Mark Turner was born and raised as a Catholic in the North East of England, UK. He attended two Catholic schools between the ages of five and sixteen. A product of a moderate Catholic upbringing and an early passion for science first resulted in religious apathy and by mid-teens outright disbelief.
A petition has appeared on the Edinburgh City Council website raising the issue of religious observances in non-denominational schools in the city. Currently, all schools in Edinburgh (be they non-religious state schools or otherwise) are required to provide religious education as well as opportunities to participate in religious observances. The legal mandate to do so dates all the way back to 1872. Read more
Two weeks ago, I wrote about a EU court decision, upholding rulings against three Christians who had been sacked for basically choosing their faith over what was expected of them by their employer. The specifics of each case are a little more barbed than that, but you can read the original piece to get a fuller picture. Since then Mike Judge, the Head of Communications at The Christian Institute, has written two articles for the Huffington Post UK defending each victim and attacking the court’s ruling as well as the media and public response to it. Read more
Today, the European Court of Human Rights published its verdicts on four cases from the UK brought about by Christians against their employers. The basic premise of each case is that rules imposed on each of them by their respective employers have discriminated against them on the basis of their religious freedoms. All four lost their individual cases in UK employment tribunals, but then took their cases to the highest civil court in Europe, the ECHR. The four defendants in question are Shirley Chaplin, a nurse from Exeter; Nadia Eweida, a British Airways worker from London; Lilian Ladele, a local authority registrar also from London; and Gary McFarlane, a marriage counsellor from Bristol. (Can you guess their various grievances from their jobs?) Read more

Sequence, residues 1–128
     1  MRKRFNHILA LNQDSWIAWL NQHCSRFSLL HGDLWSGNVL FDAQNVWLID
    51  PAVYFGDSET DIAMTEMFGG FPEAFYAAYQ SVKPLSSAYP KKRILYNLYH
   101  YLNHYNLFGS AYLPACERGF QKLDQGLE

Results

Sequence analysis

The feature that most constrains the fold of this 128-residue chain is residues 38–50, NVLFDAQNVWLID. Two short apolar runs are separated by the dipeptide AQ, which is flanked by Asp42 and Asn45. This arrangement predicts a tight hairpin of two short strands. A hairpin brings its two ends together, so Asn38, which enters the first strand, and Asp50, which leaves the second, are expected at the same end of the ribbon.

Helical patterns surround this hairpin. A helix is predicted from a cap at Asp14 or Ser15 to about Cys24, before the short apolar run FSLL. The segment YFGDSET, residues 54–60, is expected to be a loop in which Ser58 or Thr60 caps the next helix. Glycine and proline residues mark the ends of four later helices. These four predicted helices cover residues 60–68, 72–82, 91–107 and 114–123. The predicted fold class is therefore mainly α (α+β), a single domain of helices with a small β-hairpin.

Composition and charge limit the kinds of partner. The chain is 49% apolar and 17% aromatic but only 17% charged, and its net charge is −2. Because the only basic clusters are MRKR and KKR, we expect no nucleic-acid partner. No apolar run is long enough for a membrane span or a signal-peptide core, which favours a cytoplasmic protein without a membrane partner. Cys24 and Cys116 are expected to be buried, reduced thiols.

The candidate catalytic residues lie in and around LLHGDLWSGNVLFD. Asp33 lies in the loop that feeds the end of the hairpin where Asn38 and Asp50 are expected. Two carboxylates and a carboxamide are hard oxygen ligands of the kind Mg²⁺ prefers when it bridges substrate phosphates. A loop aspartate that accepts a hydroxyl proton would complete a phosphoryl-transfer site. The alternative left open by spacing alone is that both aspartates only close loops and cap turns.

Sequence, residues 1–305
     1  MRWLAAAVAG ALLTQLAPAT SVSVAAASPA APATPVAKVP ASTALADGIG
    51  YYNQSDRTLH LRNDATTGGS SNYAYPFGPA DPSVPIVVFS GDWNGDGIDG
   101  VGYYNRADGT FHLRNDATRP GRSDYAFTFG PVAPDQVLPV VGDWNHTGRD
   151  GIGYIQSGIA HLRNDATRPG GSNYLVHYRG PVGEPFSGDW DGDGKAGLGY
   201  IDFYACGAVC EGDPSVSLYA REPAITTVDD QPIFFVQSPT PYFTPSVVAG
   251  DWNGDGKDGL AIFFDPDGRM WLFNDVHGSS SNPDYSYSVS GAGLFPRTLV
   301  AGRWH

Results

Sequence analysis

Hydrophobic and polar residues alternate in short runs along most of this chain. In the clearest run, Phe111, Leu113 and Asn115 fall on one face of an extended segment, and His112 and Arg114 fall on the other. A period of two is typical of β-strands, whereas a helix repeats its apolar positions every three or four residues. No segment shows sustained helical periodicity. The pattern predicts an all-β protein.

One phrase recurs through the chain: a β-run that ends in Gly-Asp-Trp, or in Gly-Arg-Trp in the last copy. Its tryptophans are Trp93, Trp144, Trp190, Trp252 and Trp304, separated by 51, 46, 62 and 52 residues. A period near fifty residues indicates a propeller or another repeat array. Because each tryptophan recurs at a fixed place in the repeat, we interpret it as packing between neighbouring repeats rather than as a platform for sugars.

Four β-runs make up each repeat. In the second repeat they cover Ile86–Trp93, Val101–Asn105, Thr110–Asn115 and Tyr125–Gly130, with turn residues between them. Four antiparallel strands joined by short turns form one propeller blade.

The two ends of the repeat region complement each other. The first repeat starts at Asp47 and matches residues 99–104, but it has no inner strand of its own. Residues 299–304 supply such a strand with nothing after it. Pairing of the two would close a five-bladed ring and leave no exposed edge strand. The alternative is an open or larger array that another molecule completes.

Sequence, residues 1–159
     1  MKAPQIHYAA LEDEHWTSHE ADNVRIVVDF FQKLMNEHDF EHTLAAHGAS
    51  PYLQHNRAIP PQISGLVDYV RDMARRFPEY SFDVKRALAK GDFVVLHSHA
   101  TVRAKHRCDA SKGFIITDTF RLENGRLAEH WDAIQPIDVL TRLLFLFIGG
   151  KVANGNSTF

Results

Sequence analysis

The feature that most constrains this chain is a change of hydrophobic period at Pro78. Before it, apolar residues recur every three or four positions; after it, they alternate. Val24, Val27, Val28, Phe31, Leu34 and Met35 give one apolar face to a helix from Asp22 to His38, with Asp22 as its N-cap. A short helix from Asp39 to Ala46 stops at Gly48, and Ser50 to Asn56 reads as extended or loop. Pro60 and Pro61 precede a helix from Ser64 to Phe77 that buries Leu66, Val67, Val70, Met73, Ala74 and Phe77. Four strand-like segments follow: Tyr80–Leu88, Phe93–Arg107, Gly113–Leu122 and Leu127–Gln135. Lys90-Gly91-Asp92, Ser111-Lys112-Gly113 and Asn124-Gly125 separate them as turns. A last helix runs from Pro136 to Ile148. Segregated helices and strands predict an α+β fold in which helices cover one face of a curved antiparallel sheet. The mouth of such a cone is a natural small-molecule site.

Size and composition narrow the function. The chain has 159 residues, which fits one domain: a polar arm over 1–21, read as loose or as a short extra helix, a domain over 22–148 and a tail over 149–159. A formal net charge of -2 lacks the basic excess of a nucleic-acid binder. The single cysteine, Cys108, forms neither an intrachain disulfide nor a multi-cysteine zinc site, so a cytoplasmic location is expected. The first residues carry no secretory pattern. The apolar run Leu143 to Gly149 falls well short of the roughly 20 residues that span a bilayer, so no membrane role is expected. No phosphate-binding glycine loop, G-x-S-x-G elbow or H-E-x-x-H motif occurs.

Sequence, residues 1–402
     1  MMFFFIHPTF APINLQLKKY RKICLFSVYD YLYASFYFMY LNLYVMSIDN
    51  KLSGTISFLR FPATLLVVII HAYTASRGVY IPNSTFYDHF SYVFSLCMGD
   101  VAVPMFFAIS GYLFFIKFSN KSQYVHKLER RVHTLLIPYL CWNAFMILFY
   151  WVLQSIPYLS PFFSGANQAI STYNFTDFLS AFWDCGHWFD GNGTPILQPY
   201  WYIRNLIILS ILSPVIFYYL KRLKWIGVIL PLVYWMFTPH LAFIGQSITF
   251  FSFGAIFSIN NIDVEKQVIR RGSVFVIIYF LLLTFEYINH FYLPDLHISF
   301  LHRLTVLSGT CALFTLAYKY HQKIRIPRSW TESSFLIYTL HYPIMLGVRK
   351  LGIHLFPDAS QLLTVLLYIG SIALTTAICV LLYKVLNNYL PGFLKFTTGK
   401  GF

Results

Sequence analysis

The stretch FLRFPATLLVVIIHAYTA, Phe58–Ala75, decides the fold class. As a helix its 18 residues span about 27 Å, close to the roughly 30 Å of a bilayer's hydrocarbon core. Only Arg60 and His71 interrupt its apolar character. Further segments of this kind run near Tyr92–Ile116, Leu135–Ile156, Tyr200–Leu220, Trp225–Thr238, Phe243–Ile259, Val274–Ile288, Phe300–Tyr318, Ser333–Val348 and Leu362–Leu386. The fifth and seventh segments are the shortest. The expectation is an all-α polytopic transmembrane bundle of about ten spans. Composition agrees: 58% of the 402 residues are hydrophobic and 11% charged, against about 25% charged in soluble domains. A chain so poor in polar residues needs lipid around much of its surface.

In a desperate attempt to prolong its moment in the spotlight, the tired old Church of England has once again found a way to get what should be a positive step oh so very wrong. It’s been a busy couple of months for the church. First, we had the unsuccessful vote to allow women bishops, followed by worse-than-expected census figures, and, finally, its bizarre exemption from upcoming gay marriage legislation. This time, there’s confusion all around as the church has moved to allow openly gay priests in civil partnerships to become bishops. Read more
I almost feel bad writing disparaging posts about the religion of my youth because it’s almost too easy. I don’t even need to write, say, or do anything to hasten the end of the Church — they seem quite content to do it themselves. One would imagine that this time of year is every Christian church’s annual opportunity to spread a message of joy, celebration, and charity in an attempt to claw back punters who only plonk themselves in the pews once a year. Why do that, though, when you can re-enforce your own stereotype and spread a message of hate and bigotry instead? Read more